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Sylvain Berthault, Lucille Labat, Cédric Delahais, Elodie Héberlé, Sabrina Talon
Languages: English | Pages: 10 pp
Bibliographic info:
40th AIVC - 8th TightVent - 6th venticool Conference - Ghent, Belgium - 15-16 October 2019

Between 2017 and 2018, the Centre for Studies and Expertise on Risks, the Environment, Mobility and Planning (Cerema) organized an airtightness measurement campaign in 117 multi-family collective and single-family French dwellings. These dwellings were built before 2005, that is, before the release in 2005 of the fifth French thermal regulation for new dwellings, that was the first to introduce specific requirements for airtightness. The aim of this campaign was to give a clear picture to the French Ministry of Sustainable Development of airtightness and ventilation performance of the existing building stock. To do so, the dwellings were selected to constitute a representative panel that represented the French residential building of the stock. First, a diagnostic protocol was defined to evaluate the state of deterioration of the building, the ventilation performance and the building airtightness. All this information and other details about the dwellings were compiled into a database to be processed. 
Air change rates at 50 Pa (n50) were very variable and ranged from 0.44 hr-1 to 13.7 hr-1.  The results showed that some air leakages paths influenced the airtightness of the panel more than others. Some of them could not be observed before the airtightness measurement and were therefore not easily predictable.  Results also highlighted the fact that some building characteristics were highly correlated to high air change rates. These characteristics were different between collective and single-family dwellings. Unfortunately, the size of the panel (67 houses and 50 apartments), compared with the number of characteristics, did not allow to propose some robust models for airtightness prediction. To address this issue, it was decided to expand the panel with a second airtightness measurement campaign in 2019.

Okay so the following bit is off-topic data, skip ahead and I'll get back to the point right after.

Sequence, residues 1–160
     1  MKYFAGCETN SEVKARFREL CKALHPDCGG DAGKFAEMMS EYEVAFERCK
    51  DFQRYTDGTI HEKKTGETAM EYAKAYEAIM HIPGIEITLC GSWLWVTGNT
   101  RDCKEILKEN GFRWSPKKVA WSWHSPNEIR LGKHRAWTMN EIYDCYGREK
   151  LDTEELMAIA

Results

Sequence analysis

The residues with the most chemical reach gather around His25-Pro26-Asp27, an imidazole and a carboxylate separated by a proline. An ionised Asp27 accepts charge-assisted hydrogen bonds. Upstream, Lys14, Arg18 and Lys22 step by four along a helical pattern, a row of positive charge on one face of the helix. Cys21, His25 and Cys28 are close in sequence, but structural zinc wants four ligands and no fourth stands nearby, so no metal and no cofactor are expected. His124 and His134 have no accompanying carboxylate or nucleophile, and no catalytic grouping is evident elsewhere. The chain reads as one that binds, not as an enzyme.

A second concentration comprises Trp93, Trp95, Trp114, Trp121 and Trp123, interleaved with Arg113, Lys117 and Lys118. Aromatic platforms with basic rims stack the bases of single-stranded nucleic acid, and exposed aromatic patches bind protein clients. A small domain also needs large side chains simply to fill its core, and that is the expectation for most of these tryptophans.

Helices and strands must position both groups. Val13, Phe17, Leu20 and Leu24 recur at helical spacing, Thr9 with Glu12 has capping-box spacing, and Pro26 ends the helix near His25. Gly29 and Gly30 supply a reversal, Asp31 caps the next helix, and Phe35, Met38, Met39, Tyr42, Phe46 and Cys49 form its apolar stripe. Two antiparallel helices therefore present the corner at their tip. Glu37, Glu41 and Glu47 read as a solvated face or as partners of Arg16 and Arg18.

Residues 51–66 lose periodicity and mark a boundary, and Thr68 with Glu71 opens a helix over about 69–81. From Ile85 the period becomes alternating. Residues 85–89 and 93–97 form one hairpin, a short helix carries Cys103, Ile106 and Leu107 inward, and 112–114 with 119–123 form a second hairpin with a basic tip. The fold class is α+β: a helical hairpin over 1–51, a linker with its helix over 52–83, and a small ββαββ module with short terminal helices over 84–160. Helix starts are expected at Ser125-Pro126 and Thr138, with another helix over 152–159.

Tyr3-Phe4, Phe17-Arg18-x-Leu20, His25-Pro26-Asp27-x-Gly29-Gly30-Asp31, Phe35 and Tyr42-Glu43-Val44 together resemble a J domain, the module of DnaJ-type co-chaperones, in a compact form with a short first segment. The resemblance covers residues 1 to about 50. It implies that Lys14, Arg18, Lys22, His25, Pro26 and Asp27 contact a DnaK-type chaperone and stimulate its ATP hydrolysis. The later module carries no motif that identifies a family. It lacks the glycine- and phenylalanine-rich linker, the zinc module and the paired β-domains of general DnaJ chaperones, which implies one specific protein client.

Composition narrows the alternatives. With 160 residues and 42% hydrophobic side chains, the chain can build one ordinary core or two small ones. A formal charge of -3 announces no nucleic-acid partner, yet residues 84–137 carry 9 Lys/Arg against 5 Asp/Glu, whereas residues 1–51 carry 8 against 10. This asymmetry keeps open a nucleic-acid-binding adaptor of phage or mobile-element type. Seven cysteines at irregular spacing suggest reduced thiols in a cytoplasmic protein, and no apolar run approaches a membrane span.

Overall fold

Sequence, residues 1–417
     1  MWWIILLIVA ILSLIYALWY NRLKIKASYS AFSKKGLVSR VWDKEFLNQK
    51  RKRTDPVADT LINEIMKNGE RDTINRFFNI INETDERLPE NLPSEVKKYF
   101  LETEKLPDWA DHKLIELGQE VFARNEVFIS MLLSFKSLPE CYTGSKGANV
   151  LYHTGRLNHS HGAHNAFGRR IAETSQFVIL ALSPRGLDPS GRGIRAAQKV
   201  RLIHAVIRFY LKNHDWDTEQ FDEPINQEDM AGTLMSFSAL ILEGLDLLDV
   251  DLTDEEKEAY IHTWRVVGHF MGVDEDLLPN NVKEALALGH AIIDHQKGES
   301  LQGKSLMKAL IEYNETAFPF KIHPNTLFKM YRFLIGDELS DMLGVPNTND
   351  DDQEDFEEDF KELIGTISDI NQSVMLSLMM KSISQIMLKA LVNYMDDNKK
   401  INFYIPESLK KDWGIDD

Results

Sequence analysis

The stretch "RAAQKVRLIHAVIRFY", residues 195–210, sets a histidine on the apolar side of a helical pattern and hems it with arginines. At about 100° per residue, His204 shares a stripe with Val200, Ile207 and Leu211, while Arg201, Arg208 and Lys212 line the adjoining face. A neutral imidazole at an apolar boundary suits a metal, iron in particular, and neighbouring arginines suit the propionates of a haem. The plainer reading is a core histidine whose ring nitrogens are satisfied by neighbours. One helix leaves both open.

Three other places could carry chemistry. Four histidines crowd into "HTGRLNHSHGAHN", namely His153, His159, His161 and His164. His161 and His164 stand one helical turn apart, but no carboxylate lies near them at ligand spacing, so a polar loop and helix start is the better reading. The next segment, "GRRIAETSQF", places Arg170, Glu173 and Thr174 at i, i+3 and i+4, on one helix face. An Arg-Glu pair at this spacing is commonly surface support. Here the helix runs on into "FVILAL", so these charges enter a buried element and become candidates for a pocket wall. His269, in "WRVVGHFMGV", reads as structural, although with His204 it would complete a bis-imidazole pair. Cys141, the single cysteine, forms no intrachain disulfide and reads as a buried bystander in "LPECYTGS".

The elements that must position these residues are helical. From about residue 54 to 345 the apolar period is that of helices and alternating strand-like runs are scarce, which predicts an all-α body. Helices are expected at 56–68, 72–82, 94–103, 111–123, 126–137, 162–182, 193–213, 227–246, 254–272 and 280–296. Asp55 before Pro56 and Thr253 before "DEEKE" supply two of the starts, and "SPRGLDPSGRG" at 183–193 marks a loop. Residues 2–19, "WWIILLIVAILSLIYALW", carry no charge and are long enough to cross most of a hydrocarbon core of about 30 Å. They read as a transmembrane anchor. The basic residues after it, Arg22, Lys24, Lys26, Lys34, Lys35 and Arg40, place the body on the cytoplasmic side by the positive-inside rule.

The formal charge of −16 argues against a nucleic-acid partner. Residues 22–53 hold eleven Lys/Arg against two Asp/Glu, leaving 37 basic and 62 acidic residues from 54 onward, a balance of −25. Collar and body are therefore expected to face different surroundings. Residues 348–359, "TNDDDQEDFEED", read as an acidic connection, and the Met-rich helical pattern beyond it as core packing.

In the same time, ventilation systems of these dwellings were recorded and their performance were qualitatively assessed without making any measurement. A lack of ventilation was detected in 84% of the houses and 64% of the apartments, either because the system installations were out of date, or because they were too incomplete or if not inexistent.  Yet, when analysing the global air exchange rate, it appeared that it was sufficient in two-thirds of the dwellings, thanks to high air change rate that compensated  the low ventilation performance. The good aeration habits of the inhabitants also limited the risk of condensation on and into the walls and poor indoor air quality.  Those results could be used to update the air change rates used in the French thermal regulation for the rehabilitation of existing buildings, which dated from 2007. In addition, this campaign helped to develop the “A+V+P-“indicator. This is a simple evaluation of the aeration, the ventilation and the airtightness of a dwelling, which could also be promoted by the Ministry to building contractors, as it gives a quick overview of the global air exchange before and after retrofitting.